Assessment Vocabulary

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We are continuously building and expanding this glossary and are open to recommendations for improvement, accuracy, and additions.

TERM DEFINITION
ACCOUNTABILITY Oversight strategies that ensure the accuracy, effectiveness, and consistency of assessment methods and instruments.
ALTERNATIVE ASSESSMENT Assessment other than traditional pencil and paper tests: Includes projects, exhibitions, demonstrations, products, and performances. Requires students to apply relevant skills and knowledge to meaningful and relevant tasks in complex demonstrations of learning.
ASSESSMENTvocab2 The measurement of the outcomes of teaching and learning. Activities of teachers, students, districts, and states that involve gathering and analyzing information about performance that is used for the improvement of teaching and learning. A process of obtaining information that is useful in making educational decisions about students, identifying strengths/weaknesses, providing feedback about progress, and judging instructional effectiveness.
BALANCED ASSESSMENT A constellation of measures that together document progress and achievement.
ASSESSMENT SYSTEMS “The combination of multiple assessments into a comprehensive reporting format that produces comprehensive, credible, dependable information upon which important decisions can be made about students, schools, districts, or states” (CRESST 2001, p.1).
AUTHENTIC ASSESSMENT Demonstration of mastery of a real-life task that incorporates instructional standards. Replicates the challenges and standards of selected competencies in a context that individuals could face on a daily basis.
BENCHMARK ASSESSMENT Tests that are given periodically to provide feedback on student’s progress towards the benchmarks
CLASSROOM ASSESSMENT Assessments developed, administered, and scored by teachers for the purpose of evaluating individual or classroom performance on a topic.
COMMON FORMATIVE ASSESSMENT Measures of learning designed by collaborative teams of grade level or content area teachers. They are administered periodically and consistently throughout instruction and align with large-scale assessment. Results are used formatively to improve teaching and learning.
CRITERION REFERENCED “An assessment where an individual’s performance is compared to a specific learning objective, performance standard, or established criteria” (CRESST, 2001, p. 1). Criterion-referenced tests determine how well a student does “relative to a predetermined performance level on a specified set of educational goals or outcomes included in the school, district, or state curriculum” (Rudner & Schafer, 2002, p. 21).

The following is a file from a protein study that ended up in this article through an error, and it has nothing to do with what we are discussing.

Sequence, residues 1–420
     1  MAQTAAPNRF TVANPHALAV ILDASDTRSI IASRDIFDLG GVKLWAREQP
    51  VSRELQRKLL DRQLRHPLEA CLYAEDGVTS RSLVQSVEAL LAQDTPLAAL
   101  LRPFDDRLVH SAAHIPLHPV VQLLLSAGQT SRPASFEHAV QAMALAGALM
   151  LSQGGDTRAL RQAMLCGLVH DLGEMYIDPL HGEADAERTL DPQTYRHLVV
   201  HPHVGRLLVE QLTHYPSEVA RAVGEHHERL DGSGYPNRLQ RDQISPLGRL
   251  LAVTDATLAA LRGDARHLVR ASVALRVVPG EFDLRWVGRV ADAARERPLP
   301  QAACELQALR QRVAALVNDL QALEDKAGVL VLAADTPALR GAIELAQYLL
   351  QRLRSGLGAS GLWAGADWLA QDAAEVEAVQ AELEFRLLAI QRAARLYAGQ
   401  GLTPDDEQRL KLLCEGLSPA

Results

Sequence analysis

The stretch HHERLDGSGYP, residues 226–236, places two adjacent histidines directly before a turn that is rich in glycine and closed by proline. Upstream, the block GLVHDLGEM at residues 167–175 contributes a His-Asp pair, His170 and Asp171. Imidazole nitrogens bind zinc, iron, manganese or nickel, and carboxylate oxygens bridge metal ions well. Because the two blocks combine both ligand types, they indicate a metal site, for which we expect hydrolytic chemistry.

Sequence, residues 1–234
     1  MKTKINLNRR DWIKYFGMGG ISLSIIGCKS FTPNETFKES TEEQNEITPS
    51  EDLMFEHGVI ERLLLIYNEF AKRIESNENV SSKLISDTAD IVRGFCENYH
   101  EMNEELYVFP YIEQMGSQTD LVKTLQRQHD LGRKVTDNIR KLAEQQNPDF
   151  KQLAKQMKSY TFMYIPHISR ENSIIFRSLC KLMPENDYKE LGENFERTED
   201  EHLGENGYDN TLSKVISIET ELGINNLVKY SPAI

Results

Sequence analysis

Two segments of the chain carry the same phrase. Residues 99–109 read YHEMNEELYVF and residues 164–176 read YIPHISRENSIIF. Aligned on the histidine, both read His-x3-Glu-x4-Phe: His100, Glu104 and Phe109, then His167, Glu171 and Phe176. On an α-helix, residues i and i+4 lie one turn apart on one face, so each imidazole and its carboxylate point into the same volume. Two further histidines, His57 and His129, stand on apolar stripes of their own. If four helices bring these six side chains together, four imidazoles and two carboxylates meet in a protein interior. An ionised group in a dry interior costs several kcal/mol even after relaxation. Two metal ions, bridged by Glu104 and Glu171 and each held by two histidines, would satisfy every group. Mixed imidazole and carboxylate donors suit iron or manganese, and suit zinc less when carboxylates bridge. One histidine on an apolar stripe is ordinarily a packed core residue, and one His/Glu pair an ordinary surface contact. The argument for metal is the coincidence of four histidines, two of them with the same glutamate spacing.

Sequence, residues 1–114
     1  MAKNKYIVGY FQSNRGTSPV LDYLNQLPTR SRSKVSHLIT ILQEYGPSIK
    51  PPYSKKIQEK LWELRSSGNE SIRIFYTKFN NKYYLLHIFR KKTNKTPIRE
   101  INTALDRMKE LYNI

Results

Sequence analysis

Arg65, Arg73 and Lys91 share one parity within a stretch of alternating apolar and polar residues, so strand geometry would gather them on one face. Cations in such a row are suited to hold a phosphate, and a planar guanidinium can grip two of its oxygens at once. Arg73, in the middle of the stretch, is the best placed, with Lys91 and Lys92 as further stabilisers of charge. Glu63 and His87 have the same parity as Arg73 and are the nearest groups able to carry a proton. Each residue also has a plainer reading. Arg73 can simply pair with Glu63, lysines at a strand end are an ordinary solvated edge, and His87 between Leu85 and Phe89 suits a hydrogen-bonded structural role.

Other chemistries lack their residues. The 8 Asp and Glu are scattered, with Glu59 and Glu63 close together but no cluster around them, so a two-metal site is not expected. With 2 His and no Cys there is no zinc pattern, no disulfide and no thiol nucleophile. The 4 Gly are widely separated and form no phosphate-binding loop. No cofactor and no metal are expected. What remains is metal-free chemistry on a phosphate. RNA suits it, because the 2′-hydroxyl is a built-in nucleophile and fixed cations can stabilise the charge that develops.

CURRICULUM Guiding protocol that identifies desired outcomes along with planned strategies, resources, and assessments.
EVALUATION A measure of the strengths or weakness of a student’s or program’s outcome, performance or product. It is a judgment about the quality of student work that involves conferring value or worth to it.
FORMATIVE ASSESSMENT A process of gathering information about student’s progress that informs teaching and learning. “The use of the evidence from assessment to inform and adapt teaching to meet student needs” (Black & William, 1998, p. 1)
MEASUREMENT Assigning numbers to indicate achievement of specific knowledge and skills. It is a process of quantifying the degree to which someone or something possesses a given ability, quality, or characteristic.
NORM REFERENCED
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“A test designed to provide information about a student’s knowledge or skills relative to other members of a class or norming group.” (Linn & Gronlund, 1995, p.16). Generally used to classify and rank students in relation to a larger group.
PERFORMANCES Students perform meaningful tasks toward selected standards based on their skills and knowledge.
PERFORMANCE STANDARDS Objective and explicit descriptions of criteria used to measure a student’s performance against a specific set of standards.
PEER ASSESSMENT The use of standards-based assessment measure by similar learners (group, class, grade, or subject) to provide feedback and determine strategies for improvement.
PORTFOLIOS A selective collection of an individual student’s work over a specific period of time. It can be written, audio, or video; and teacher or collaboratively collected. It can be used as an assessment technique to measure student progress over time.